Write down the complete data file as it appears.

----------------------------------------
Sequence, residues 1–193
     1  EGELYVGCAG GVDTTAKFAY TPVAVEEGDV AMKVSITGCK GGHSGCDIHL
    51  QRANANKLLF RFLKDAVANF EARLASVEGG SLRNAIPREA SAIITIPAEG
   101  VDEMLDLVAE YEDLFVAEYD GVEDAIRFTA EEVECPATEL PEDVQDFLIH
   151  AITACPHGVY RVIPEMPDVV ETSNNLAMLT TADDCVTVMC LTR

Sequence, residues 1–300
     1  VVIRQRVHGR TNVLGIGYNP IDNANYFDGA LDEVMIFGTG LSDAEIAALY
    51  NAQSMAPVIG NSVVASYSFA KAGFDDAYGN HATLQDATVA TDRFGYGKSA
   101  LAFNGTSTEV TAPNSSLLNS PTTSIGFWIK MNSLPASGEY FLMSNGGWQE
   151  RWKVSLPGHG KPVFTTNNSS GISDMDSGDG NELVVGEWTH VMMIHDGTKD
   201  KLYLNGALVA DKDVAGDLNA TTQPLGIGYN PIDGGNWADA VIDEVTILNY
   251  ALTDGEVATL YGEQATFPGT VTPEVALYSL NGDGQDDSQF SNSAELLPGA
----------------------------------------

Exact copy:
Sequence, residues 1–193
     1  EGELYVGCAG GVDTTAKFAY TPVAVEEGDV AMKVSITGCK GGHSGCDIHL
    51  QRANANKLLF RFLKDAVANF EARLASVEGG SLRNAIPREA SAIITIPAEG
   101  VDEMLDLVAE YEDLFVAEYD GVEDAIRFTA EEVECPATEL PEDVQDFLIH
   151  AITACPHGVY RVIPEMPDVV ETSNNLAMLT TADDCVTVMC LTR

Sequence, residues 1–300
     1  VVIRQRVHGR TNVLGIGYNP IDNANYFDGA LDEVMIFGTG LSDAEIAALY
    51  NAQSMAPVIG NSVVASYSFA KAGFDDAYGN HATLQDATVA TDRFGYGKSA
   101  LAFNGTSTEV TAPNSSLLNS PTTSIGFWIK MNSLPASGEY FLMSNGGWQE
   151  RWKVSLPGHG KPVFTTNNSS GISDMDSGDG NELVVGEWTH VMMIHDGTKD
   201  KLYLNGALVA DKDVAGDLNA TTQPLGIGYN PIDGGNWADA VIDEVTILNY
   251  ALTDGEVATL YGEQATFPGT VTPEVALYSL NGDGQDDSQF SNSAELLPGA